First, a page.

Title : The Killing Tide 6/?
Author : Dalton (AngelDalton6@aol.com)
Rating : R
Category : AU only in the fact that this takes place 10 years after Endless Waltz
Warnings : Swearing, angst, violence and death.
Disclaimer : Gundam Wing is the property of Sunrise, the Sotsu Agency, and Bandai. No infringement is intended upon their rights. (3/26/2)
The oddest thought struck him as he watched the sleeping pair through the curtain's gap; "They left the television on."
He blinked as a night draft ruffled his bangs, which tried to hide this last refuge of normalcy from view. Trowa had kept his vigil before the window for an hour or more, risking the threat of the local 'neighborhood watch.' Despite the slight danger and the bitter cold of a November night, Trowa could not gather the will to go beyond the welcome mat. He did not want to wake them or disturb their peace, so he waited. He waited for the bleak chance that one of them might feel his presence and need through dreams and draperies, and might wake just enough to notice his huddled, lurking form outside the window.
The Maxwell/Schbeiker residence had not been his first stop. After leaving the precinct and wandering aimlessly in the downtown area, Trowa had found himself at a block of housing kept for the Preventers and their families.
#712 was way in the back, as far from the noise of the street and the neighboring playground as possible, and was the only door bare of nameplate or appropriate seasonal decoration. Chang Wufei's abode: the residence of one serious and stable enough to listen to bad news with the kind of emotion that Trowa felt he could handle. Unfortunately, there was no answer to his rapid knocking upon the door, only the lonely sound of his rapping knuckles echoing down the silent outdoor walkway. It was possible that the home's occupant was away on a mission or other random evening jaunt. Then, again, with the young man's temperament, he could have been inside, blatantly ignoring the knocks. Wufei was the type to pick up the phone after the first ring or else pull the line out of its jack. Peace and solitude were prized possessions for the pensive man, so if he hadn't answered Trowa's insistent knocks by now, he wasn't home or he wasn't in the mood for company.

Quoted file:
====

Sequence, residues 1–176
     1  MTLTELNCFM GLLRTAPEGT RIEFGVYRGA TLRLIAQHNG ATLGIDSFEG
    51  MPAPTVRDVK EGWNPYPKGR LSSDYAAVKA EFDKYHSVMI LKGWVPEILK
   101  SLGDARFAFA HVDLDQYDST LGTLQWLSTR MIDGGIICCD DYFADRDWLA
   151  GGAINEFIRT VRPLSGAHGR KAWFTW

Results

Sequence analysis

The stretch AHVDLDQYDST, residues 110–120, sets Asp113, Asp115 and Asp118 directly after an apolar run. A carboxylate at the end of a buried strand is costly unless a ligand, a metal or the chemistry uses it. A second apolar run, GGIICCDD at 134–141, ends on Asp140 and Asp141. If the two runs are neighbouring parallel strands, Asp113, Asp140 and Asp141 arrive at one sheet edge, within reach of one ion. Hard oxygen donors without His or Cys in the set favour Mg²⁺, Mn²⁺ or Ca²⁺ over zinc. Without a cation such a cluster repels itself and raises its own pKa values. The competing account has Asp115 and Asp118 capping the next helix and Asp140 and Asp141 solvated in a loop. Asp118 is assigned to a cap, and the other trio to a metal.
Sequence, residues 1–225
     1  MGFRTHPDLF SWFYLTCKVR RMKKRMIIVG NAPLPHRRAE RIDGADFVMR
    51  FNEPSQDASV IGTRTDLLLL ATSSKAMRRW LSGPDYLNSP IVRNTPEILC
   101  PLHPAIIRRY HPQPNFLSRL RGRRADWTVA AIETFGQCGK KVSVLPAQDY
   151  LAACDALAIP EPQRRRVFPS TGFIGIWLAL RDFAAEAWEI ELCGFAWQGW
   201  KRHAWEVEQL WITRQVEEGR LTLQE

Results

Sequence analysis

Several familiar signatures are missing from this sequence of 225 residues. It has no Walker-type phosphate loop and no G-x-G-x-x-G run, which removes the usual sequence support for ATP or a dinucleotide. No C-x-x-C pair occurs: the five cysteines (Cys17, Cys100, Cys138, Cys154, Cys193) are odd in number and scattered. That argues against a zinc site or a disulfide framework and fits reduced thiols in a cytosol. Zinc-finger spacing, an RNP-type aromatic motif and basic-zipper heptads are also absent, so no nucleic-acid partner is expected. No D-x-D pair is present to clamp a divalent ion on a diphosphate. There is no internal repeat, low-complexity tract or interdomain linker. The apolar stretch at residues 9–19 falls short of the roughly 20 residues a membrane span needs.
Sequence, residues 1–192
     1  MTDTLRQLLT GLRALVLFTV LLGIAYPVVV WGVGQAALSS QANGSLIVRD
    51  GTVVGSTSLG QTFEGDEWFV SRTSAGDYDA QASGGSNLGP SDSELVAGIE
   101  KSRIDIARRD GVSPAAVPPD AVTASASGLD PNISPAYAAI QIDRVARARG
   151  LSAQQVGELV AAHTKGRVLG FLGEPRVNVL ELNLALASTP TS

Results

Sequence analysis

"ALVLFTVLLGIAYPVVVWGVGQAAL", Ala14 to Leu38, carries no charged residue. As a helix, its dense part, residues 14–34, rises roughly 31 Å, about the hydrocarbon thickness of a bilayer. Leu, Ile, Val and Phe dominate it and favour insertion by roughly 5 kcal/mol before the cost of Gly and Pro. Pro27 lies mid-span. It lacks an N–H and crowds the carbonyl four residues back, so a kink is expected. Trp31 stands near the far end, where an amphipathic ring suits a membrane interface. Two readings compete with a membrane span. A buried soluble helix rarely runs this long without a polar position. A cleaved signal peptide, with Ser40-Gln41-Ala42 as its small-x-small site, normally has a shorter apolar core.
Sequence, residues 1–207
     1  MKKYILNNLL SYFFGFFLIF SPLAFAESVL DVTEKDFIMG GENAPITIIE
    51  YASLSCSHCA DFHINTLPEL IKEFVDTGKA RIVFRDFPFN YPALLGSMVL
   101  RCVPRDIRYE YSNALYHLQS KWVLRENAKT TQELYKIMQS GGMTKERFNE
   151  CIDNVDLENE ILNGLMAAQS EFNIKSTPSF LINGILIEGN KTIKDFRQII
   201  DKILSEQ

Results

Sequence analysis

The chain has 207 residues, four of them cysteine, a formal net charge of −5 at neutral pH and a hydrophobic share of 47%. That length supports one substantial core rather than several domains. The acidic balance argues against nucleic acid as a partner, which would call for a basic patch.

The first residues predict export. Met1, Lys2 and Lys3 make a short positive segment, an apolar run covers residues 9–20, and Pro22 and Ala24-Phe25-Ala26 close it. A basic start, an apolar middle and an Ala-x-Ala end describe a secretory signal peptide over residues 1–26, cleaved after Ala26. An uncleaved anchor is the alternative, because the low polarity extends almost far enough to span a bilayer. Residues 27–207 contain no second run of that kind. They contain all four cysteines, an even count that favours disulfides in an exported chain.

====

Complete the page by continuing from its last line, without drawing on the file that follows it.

Trowa hadn't waited to see if the trappings of a robe or the grogginess of sleep had delayed the ex-Shenlong pilot. Leaping easily over the rail to the fire stair, Trowa took his habitual short-cut to Heero's residence. The night had been quiet but for the clacking of his boot heels on the cobblestones of the quad as he crossed to the second building. The noise had seemed unnaturally loud to the young man, as if the echoes would announce his arrival before his curled fists could touch Heero's door.
Here, as before, Trowa's rapping knuckles received no response, and he felt things shift on a perilous slant inside of him. He had stood with his palms flat against the door, transferring a part of his weight to it, as if hoping to slip through the surface or draw support from it. Displayed like a private screen between his splayed hands, the door had become his world. Trowa's eyes had bored into the wood, seeing each line of its surface, but not seeing the calmly questioning face of the man he wished there. Trowa moved closer until he felt the cool surface press against his exposed brow. He had encountered too many obstacles that evening, and if one barrier didn't succumb to him soon, he would be forced to take a different, unwanted course of action.